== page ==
In practice, this will mean prioritising hiring people with diverse educational and career backgrounds, people from different cultures, and people who are neurodiverse to benefit from diversity in the human brain and cognition. For us, diversity in cybersecurity is about more than just equality. It is about optimising defensive and offensive capabilities by having access to the widest possible range of problem-solving abilities. Diverse hiring is a key part of our culture at AWS, and that means we also hire people for cybersecurity roles who do not have a background in the industry.
There is also a growing recognition that the mounting costs of university education and lack of access to the right cybersecurity training can hamper the ability of economically disadvantaged individuals to access formal qualifications, limiting their involvement in the cybersecurity sector.
This is why AWS Training and Certification provides a wide range of free and fee-based cybersecurity courses available in multiple languages. In addition to the free foundational course, AWS offers advanced instructor-led cybersecurity training which includes threat detection, data protection, and strategies to secure computing workloads on the AWS cloud, all validated by the AWS Security Specialty Certification.
New technological horizons for cybersecurity
In 2023 and beyond, we predict that new and emerging technologies will continue to strengthen cybersecurity. These innovations will not only make existing cybersecurity processes easier and more efficient but will also drive new cybersecurity approaches for organisations.
Automation is rapidly emerging as essential to effective cybersecurity practices. Artificial intelligence and machine learning (AI/ML) approaches will extend this, adding a critical layer of automation to cybersecurity in cloud environments. Cloud-based AI/ML offers predictive capabilities derived from collected information that can play a significant role in making cybersecurity more proactive by identifying outliers and offering recommendations about how to address vulnerabilities.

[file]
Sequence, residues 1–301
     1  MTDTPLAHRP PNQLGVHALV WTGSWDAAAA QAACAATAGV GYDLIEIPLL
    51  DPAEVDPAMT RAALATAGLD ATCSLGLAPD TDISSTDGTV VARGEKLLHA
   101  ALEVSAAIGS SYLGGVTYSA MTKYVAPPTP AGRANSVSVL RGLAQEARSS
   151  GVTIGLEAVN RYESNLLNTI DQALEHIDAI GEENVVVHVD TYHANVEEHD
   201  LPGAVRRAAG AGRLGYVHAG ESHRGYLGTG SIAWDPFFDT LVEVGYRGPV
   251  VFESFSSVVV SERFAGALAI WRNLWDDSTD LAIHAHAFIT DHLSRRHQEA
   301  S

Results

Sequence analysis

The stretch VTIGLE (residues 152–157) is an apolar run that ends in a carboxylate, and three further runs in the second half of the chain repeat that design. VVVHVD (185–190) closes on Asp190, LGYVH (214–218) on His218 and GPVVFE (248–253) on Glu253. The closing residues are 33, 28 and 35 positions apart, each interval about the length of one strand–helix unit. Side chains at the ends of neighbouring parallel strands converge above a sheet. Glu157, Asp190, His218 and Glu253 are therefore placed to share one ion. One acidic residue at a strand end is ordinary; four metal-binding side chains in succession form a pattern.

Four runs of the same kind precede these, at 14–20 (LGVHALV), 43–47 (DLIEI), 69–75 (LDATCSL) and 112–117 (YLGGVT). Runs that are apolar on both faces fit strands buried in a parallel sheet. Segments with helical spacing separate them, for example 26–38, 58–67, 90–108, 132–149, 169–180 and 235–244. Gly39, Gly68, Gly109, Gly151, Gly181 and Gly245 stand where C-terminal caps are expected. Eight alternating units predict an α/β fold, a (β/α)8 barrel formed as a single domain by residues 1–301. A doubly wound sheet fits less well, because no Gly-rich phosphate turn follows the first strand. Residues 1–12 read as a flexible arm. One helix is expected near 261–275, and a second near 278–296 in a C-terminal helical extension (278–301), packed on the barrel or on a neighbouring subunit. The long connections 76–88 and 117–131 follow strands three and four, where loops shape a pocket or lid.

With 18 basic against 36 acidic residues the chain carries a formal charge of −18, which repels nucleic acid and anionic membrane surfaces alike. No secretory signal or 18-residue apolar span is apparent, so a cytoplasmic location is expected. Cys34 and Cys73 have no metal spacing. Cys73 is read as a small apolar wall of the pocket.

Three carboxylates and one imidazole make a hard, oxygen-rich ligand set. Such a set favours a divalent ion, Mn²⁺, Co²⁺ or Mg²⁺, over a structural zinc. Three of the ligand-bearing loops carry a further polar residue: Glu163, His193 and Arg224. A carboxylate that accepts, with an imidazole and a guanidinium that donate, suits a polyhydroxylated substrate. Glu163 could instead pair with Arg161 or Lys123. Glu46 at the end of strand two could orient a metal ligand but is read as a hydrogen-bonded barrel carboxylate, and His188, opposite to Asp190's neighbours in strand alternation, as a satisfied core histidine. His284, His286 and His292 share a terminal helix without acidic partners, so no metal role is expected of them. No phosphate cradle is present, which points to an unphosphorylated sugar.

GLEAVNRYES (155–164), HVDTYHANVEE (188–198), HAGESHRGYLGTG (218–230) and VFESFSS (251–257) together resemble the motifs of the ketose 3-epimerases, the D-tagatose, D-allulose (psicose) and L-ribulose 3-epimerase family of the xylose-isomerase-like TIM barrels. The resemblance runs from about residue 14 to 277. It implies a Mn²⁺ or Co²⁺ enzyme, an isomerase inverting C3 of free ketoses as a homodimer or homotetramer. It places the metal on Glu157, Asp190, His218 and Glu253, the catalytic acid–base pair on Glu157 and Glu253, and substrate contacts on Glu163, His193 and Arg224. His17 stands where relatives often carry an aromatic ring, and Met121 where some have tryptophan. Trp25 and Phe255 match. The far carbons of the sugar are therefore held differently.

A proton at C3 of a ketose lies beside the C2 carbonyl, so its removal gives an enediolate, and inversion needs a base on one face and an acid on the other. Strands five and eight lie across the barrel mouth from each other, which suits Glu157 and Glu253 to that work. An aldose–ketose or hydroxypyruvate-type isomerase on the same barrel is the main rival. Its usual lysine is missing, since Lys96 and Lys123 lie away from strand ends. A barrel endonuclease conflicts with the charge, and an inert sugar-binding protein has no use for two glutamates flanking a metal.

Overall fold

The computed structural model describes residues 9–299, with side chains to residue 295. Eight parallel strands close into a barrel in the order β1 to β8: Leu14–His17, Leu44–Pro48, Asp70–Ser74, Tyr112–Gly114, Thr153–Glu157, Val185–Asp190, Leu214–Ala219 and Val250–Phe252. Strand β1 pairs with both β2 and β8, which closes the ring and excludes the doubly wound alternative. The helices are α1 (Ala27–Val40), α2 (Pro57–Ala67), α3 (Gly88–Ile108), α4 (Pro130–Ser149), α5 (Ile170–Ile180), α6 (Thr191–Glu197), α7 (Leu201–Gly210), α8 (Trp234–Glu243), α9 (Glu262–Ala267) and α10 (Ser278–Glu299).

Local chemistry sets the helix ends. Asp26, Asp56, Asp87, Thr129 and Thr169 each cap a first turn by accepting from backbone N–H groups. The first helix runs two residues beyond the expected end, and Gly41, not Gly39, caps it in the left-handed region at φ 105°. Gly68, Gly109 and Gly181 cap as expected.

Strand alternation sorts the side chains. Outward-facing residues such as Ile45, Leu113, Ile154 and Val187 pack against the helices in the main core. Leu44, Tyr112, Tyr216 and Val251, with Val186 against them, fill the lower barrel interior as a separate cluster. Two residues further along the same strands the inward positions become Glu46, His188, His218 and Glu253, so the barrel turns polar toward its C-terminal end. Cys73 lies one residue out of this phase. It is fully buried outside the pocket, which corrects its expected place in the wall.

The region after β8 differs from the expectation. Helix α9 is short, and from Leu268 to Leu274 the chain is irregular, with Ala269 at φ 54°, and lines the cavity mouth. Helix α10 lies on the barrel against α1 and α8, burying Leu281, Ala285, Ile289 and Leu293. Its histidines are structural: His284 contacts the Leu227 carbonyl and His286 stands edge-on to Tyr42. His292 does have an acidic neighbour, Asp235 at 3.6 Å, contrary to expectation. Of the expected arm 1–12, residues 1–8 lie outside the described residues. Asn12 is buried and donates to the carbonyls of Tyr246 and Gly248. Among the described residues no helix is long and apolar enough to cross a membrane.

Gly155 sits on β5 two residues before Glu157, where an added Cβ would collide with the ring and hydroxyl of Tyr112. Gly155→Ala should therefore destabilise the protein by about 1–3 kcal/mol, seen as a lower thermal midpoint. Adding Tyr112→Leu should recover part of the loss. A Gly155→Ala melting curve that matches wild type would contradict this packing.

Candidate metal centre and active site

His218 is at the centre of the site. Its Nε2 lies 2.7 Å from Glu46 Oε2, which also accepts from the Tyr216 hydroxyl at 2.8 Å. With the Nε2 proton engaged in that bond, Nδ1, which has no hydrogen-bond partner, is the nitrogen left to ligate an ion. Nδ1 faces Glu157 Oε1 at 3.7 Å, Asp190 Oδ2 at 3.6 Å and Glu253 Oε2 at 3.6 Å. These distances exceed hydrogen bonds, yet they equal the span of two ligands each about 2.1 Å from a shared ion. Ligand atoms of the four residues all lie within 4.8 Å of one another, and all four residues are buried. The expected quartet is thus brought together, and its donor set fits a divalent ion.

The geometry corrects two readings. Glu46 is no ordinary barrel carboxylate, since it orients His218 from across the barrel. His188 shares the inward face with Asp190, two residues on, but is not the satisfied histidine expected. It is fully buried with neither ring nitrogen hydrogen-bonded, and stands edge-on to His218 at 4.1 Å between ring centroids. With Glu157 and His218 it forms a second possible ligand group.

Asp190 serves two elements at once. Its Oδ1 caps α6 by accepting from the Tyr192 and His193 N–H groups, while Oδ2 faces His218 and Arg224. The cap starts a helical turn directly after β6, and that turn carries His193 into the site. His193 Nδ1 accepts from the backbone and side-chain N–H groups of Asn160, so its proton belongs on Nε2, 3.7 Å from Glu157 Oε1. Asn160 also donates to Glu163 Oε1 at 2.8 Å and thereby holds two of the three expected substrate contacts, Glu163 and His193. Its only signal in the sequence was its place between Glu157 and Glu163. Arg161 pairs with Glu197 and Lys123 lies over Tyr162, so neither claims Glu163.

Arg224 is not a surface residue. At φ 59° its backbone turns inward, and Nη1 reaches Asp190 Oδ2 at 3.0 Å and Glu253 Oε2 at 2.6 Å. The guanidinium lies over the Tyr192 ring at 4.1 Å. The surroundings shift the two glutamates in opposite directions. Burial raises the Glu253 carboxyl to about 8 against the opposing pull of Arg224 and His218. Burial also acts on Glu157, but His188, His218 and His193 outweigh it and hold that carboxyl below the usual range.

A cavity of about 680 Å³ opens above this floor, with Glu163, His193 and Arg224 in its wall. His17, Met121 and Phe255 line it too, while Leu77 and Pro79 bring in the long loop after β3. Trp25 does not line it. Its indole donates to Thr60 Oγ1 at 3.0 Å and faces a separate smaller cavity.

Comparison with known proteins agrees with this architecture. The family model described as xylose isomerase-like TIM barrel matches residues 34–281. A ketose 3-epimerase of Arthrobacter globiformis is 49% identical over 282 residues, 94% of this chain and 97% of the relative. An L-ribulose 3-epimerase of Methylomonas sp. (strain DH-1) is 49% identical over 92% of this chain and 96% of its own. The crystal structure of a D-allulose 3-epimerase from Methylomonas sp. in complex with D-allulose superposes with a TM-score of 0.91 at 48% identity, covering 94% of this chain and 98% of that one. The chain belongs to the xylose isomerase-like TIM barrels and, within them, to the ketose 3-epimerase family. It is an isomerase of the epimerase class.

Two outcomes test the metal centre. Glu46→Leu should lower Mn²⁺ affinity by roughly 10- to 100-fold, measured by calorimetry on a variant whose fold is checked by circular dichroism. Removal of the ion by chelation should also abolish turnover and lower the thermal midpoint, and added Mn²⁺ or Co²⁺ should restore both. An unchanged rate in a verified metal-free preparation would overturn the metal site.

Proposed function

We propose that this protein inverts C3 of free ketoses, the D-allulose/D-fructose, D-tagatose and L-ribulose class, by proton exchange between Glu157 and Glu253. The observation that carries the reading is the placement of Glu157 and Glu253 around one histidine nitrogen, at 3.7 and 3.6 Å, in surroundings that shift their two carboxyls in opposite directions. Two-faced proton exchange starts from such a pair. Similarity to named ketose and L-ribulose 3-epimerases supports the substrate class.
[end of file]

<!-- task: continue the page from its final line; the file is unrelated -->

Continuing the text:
Quantum computing will continue to develop rapidly and will become ubiquitous in practical use cases. In the long run, that will help make data more secure by prompting organisations to reconsider their current encryption algorithms and processes.
We also believe that mechanisms such as multi-factor authentication (MFA) will become fully normalised as core components of practical cybersecurity across all organisations. Future MFA approaches will move towards biometric and multimodal forms of authentication. These approaches will greatly increase the security of authentication for organisations.
Stronger on the cloud
Wider access to cloud technology will allow organisations to build cybersecurity practices into their everyday operations more effectively. A range of cybersecurity tools are made available natively in the cloud and they are continuously updated to respond to the evolving threat environment, in line with industry best practices.
At AWS, we are making significant investments to make it easier for people to gain the skills they need to grow their careers in cloud computing, including cybersecurity. Amazon is investing hundreds of millions of dollars to provide free cloud computing skills training to 29 million people globally by 2025. In the two years since we announced this commitment, AWS has helped over 13 million people gain access to cloud computing skills through our free workforce programmes.
Cybersecurity is becoming a central pillar in how governments and businesses plan and execute new digital initiatives. Cloud computing tools will be at the forefront of helping enterprises adapt to the changing cybersecurity landscape and can play an integral role in empowering organisations to leverage emerging technologies to safeguard society’s most important data.